Monday, February 2, 2015

Let's Rank Everybody | Alan Singer

Let's Rank Everybody | Alan Singer:

Let's Rank Everybody

Because of the miracle of data collection and computer algorithms (don't ask me what an algorithm is but your computer knows) we can now track everyone's performance and take appropriate action to get rid of incompetence. Politicians like Andrew Cuomo and Arne Duncan are very excited about doing this for teachers and Schools of Education. Below is my recommendations for ranking other professions and people as well.
Of course the data collected and processing might not make any sense. I recently met with an eighth grade social studies teacher in a New York City suburb who explained that in his district, social studies teachers receive 20% of their professional rating based on student performance on 6th, 7th, and 8th grade high-stakes standardized reading and writing tests. Of course he does not teach reading and writing and does not even know the sixth and seventh graders yet, but their tests scores count for his evaluation. He was a bit concerned because New York State Governor Andrew Cuomohas declared the teacher rating system too easy and wants these test scores counted for 40% of teacher performance.
After we finished laughing about how the physical education teachers in his school are being evaluated the same way as he is, we talked about how Barack Obama and Arne Duncan propose to use student scores on high-stakes standardized tests to evaluate the effectiveness of teacher education programs. Since this teacher was my student in a social studies teacher education program fifteen years ago and he is being evaluated based on the performance of students who he has not yet met, I will be evaluated on the performance of students who were not even born and many whose parents were not even in the country when he was in my class. While this may be hard to follow, it must be fair if the algorithm says so.
At the 2014 American Educational Research AssociationLinda Darling-Hammond, who as a lead member of a group called SCALE was influential in developing and promoting a lot of the new assessments, declared, "New York is a prototype of how not to implement teacher performance assessment." I only wish she recognized these problems before lending her name and professional credibility to the test makers.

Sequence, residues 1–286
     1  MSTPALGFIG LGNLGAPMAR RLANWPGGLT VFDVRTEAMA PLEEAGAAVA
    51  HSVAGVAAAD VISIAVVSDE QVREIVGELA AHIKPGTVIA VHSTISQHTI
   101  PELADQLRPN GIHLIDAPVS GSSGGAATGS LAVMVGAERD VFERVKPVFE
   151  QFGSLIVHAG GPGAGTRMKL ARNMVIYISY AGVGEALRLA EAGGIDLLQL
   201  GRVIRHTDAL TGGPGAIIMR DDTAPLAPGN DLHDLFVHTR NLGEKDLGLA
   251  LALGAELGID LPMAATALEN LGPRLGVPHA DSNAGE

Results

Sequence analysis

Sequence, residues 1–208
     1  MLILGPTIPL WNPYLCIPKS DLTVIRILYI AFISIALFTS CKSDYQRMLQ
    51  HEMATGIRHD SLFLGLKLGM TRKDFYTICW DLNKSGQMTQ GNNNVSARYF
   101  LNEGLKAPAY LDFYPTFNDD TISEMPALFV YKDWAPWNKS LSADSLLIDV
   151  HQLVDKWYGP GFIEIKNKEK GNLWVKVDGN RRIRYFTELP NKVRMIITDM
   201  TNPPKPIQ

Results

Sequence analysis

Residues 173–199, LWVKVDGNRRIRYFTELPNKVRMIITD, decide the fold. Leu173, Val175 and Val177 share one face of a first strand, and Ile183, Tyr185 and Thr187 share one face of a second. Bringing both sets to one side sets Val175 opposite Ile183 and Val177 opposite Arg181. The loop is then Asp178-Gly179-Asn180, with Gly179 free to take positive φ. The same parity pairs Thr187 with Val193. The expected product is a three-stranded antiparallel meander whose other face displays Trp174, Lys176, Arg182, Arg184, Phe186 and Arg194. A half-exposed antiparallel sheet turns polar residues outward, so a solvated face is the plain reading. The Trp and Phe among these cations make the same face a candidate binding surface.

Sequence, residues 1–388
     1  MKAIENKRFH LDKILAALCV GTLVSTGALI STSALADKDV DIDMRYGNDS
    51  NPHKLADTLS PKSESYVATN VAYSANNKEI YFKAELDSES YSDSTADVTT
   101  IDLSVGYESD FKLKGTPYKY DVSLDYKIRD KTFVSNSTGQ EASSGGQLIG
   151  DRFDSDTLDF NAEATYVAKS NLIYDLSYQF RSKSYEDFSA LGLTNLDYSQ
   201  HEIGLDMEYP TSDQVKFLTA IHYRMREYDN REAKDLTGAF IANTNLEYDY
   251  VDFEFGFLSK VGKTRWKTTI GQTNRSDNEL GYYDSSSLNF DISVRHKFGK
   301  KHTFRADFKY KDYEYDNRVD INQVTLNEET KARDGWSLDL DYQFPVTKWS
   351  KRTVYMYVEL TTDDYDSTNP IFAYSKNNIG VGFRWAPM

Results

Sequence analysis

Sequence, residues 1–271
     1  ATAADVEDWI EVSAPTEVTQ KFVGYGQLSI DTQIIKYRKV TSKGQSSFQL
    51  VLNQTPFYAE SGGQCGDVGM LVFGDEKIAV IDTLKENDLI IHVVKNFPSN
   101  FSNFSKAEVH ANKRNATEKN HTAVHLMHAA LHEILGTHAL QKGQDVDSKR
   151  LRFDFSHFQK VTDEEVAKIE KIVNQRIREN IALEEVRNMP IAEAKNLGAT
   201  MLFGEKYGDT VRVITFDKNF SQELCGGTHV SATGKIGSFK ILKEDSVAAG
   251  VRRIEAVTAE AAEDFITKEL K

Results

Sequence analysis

Meanwhile, back in New York State, Governor Andrew Cuomo wants the State Education Department to deregister and suspend the operation of teacher education programs if for three consecutive years fewer than fifty percent of its students pass every required certification examination. But just to make it even less fair, the exams are created by Pearson rather than State Education, Pearson administers and evaluates performance on the exams, and because Pearson is a private company that "owns" the tests through its Evaluation Systems and Pearson Assessment sub-divisions, the tests and grading policies are not subject to outside review or oversight.
In addition, Cuomo proposes to bar candidates from teacher education programs who have below a 3.0 or B average in college. This would eliminate from teaching students who took longer to adapt to college, could not decide on a major, switched majors, or who chose a more difficult subject area such as math or chemistry.
There is concern that this requirement would impact negatively on Black and Latino teacher education candidates who attended poorly performing inner-city schools that left them initially unprepared for college. It necessitated significant remediation before they could adequately perform in college classes. As a result, although they performed well at the end of college, their overall grand average would fall below the Cuomo cut-off.
Instead of open discussion of these proposals and whether it makes sense to evaluate students, teachers, schools, school districts, and Schools of Education based on student performance on high-stakes standardized reading, writing, and math tests, Let's Rank Everybody | Alan Singer: